This trial is evaluating whether Transcranial Direct Current Stimulation (tDCS) will improve 1 primary outcome and 6 secondary outcomes in patients with Multiple Sclerosis. Measurement will happen over the course of Baseline.
This trial requires 46 total participants across 2 different treatment groups
This trial involves 2 different treatments. Transcranial Direct Current Stimulation (tDCS) is the primary treatment being studied. Participants will all receive the same treatment. Some patients will receive a placebo treatment. The treatments being tested are not being studied for commercial purposes.
"There is no single cause for MS. Many factors are believed to be involved in causing MS and its different stages. It is unknown exactly how the brain damage leads to MS. MS can run in families. A genetic defect has been found in some individuals with MS.\n" - Anonymous Online Contributor
"Results from a recent clinical trial suggests that early intervention to promote patient engagement or to facilitate coping strategies may be effective in reducing disability and increasing well being." - Anonymous Online Contributor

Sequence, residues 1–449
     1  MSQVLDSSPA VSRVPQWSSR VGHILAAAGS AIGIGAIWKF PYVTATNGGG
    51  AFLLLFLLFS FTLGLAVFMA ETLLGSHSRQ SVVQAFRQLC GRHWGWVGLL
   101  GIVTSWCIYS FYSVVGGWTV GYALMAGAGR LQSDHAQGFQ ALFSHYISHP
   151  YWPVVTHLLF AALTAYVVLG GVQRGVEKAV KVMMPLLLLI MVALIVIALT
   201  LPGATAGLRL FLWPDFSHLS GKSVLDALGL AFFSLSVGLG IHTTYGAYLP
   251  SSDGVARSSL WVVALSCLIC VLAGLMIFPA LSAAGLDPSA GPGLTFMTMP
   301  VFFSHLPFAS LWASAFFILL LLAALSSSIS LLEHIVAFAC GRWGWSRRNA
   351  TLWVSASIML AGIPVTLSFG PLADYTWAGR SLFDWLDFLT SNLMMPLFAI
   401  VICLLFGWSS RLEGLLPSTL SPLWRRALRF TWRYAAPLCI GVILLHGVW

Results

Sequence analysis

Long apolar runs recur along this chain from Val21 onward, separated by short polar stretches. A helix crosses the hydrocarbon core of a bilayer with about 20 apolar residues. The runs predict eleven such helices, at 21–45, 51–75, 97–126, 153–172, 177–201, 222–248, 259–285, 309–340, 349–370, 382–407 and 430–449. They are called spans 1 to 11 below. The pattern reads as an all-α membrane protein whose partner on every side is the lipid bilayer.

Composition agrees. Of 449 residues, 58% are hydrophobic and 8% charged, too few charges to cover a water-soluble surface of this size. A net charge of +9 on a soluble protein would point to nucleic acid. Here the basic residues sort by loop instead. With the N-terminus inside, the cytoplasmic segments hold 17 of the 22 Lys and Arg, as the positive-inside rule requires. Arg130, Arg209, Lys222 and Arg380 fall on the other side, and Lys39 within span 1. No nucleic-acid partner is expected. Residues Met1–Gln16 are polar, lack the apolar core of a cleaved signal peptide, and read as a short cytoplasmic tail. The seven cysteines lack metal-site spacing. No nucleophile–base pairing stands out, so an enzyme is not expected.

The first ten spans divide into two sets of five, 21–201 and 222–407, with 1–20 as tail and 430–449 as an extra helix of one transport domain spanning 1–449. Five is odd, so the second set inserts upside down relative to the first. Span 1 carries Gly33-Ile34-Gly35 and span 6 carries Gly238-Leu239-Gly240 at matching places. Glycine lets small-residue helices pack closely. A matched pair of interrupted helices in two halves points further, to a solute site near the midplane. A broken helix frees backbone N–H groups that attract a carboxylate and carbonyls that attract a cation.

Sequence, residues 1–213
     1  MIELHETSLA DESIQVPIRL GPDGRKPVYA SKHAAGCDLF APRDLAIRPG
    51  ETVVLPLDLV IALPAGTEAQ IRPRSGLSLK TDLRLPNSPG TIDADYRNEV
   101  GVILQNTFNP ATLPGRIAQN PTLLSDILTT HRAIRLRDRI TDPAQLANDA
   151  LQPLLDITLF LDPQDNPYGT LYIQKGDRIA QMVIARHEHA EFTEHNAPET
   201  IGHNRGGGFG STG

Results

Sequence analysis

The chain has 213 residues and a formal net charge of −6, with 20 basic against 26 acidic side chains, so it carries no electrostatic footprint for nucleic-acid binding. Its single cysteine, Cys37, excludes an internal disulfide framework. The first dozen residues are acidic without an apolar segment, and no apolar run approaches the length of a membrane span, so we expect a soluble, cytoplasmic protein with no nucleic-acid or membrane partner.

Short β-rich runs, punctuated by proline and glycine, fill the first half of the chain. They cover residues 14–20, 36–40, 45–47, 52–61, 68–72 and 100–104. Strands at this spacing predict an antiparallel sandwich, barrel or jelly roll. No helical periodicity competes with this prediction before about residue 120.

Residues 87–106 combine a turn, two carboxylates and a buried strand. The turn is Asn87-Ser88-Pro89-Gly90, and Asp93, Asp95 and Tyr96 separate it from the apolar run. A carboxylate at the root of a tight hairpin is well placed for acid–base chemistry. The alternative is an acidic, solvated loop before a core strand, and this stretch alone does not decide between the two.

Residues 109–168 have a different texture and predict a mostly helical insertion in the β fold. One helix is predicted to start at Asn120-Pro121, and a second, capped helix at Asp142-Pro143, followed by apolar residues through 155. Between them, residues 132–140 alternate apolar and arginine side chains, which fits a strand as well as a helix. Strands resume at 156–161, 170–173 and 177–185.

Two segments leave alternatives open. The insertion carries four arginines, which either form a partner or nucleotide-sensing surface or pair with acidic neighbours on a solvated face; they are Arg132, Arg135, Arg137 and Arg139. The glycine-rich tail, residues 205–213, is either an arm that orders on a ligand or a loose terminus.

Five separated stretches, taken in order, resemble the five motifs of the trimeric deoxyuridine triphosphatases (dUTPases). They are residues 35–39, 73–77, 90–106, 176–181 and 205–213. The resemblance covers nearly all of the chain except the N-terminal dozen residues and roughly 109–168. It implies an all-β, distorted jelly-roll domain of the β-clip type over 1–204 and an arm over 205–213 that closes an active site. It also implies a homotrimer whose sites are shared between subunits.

"Most patients with MS have signs of fatigue or weakness. Numbness, muscle pain, or weakness in an extremity is more related to an early stage of the disease, whereas visual symptoms, cognition, and mental disturbances are related to a later stage of the illness, or to progressive multifocal leukoencephalopathy. Optic nerves involvement is a common finding, since optic neuritis may occur early in the course of the disease with transient or prolonged courses of neurological deterioration before a more stable state is reached and clinical improvement occurs." - Anonymous Online Contributor